Vodafone Group Exec Insights: New Technologies, Subsidies

On Tuesday, Vodafone Group PLC ADR (NASDAQ:VOD) reported its fourth quarter earnings and discussed the following topics in its earnings conference call. Take a look.

New Technologies

Vittorio Colao – Chief Executive: Yeah, maybe I’d take both questions and then maybe Andy you can refine. First of all the growth question, we have been hit a little bit more than expected by MTRs. We will therefore be, this coming year, a little bit below or slightly below the 1% to 4%. Of course, we still have that ambition to grow. I have a strong value message in this phase also because you can grow in revenues but we also – I am truly convinced that there is an opportunity in Europe to grow in value, which is a little bit linked to the second question also. How do you create value? You create value by having stronger technological platforms and giving better service to your customers. (Through the) some smaller operators keep growing more but we are confident that if you look at the broad numbers I mean it’s nice to have a nice – a big percentage of smaller number and in some markets, you know like Germany you start seeing some strain on some of those players. So we are convinced that our strategy is the right one to create more value and hopefully to capture the higher part of that value in especially Europe. On the regulators, I think you have a point. We need to fight a little bit harder with the regulators because some of them are still alluded in an old model, but again, there is so much need in for investment, for employment and quite frankly for very good digital infrastructure and quality infrastructure that I see that the awareness if not the actions is moving, but I would have spend some time on that I agree with you. Andy you want to give more?

Andy Halford – CFO: I mean just the NTLs has been a growth driver than we had envisaged (server) as the growth is down a little bit. I said earlier the MTR effects of this next December I think actually the year after should start to improve a little bit. So that plus maybe the economic environment picking up should be a better space year after this, but growth that’s pretty robust.

Tim Boddy – Goldman Sachs: Since, I’ve got it. I guess related to idea that you want to create value what I’m seeing is some of the smaller place actually creating more value with the subsidy free model. So smartphone penetration is quite rightly been a KPI for last few years, but with obvious implications for your costs. He put some blunt measures in Spain is not a model that makes more sense across Europe or are there more social things that you can do to reduce spend and then be able to give more value back to your consumers. Then separately I’m just wondering how worried you are about Wi-Fi cannibalization and the risk that network differentiation will be harder for you or more expensive where you don’t own your own Wireline and whether or not Verizon style cable partnerships might make sense in the future?

Vittorio Colao – Chief Executive: Yeah this is like four questions in one. So Simon and then we go back in this way, and then that way. First of all your question on the subsidy model I think that the Spanish model I mean first of all, I support that and we support that as you have seen by our commercial moves. It’s a healthy thing and we are trying not just in Spain to go there, as I’ve said, we are moving to an efficiency measure of A&R which tries to pull back the amount of upfront (investment) or at least to make it more proportional. We can do it now much better than in the past, thanks to the availability of many more of these things. Of course, it’s something that we have to manage relative to each market. So to be clear, things have to progress throughout all players and if some players are faster or slower to adjust to the new model, well, we will play whatever game make sense for the specific market. The question on Wi-Fi, I would say that it’s a little bit of a miss that fixed operators have an advantage there. Yes, we’re embracing – as Steve maybe you can make few comments on that. We’re embracing all new possible technology whether it’s Femto, Wi-Fi, lamp post I don’t know what there is the next thing, but the reality is that it is the operational implementation, which is difficult. It’s not the fact that you own or you don’t own the little fibre that goes there. It’s who owned the lamp post, is it the borrower, is it the London Transport Authority, is it in neighborhood, is it the cabinet which is a owned by BT. So there is a so much operation and complexity where we don’t think honestly that we’re at disadvantage here. Actually, we’re all in the same place. We are going to play that game, but it is not about who owns the link that is going to make a big difference. Steve, you want to talk in more technical terms?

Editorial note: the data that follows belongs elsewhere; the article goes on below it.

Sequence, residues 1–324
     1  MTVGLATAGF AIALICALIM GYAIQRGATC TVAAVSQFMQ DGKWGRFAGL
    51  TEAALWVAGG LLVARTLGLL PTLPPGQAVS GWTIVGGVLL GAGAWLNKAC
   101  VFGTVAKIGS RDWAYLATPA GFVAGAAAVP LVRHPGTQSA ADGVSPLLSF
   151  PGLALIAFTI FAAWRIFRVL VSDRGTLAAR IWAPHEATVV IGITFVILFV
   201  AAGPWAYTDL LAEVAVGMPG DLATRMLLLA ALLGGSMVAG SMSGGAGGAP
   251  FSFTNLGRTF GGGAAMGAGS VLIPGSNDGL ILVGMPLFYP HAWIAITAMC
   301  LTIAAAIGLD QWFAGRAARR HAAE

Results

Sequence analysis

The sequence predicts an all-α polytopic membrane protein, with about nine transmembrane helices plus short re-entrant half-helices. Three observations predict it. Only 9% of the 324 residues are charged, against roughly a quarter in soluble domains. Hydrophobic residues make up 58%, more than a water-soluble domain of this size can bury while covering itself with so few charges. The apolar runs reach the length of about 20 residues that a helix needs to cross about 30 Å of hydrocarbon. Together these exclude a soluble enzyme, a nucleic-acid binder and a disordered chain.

Stephen Pusey – CTO: I think to add to that, I mean, we will incorporate Wi-Fi in our small cell technologies. So for us we’re agnostic, we’ve always said that to the wireless technologies and other wireless technology. Interestingly, we’ve been measuring and monitoring the performance of Wi-Fi versus LTE in the higher order HSDPA and in four big markets where we have tested, we are outperforming Wi-Fi in the public environment in more downlink speeds. So I think we get too hang-up on Vittorio has said, the radio versus the operational degree of difficulty, the backhaul challenges that exist absolutely with Wi-Fi were the same as macro and the benefit of macro HSDPA or LTE is the consistency of the service to handover the quality that we can deliver, et cetera. So we’ll take Wi-Fi. We’ll bring it into our mix. Any incumbent faces the same challenges on real estate and distribution of small sales that we do and largely one might argue the effects of Wi-Fi on smartphones and tablets in the home, we have already gone through that wave, because it is what is it on the amount of data volume consumed in homes. So we are talking I think the question is more public Wi-Fi and I would say we will incorporate it in our mix.

Vittorio Colao – Chief Executive: There was something on Verizon but I couldn’t really understand what was the question.

Tim Boddy – Goldman Sachs: (indiscernible) cable partnerships.

Vittorio Colao – Chief Executive: Yeah, it is a market by market thing. So we will look and we are looking at partnership agreement of different kinds with both content owner and their infrastructure owners, it’s a market by market thing. So Verizon has got pretty good one in the U.S.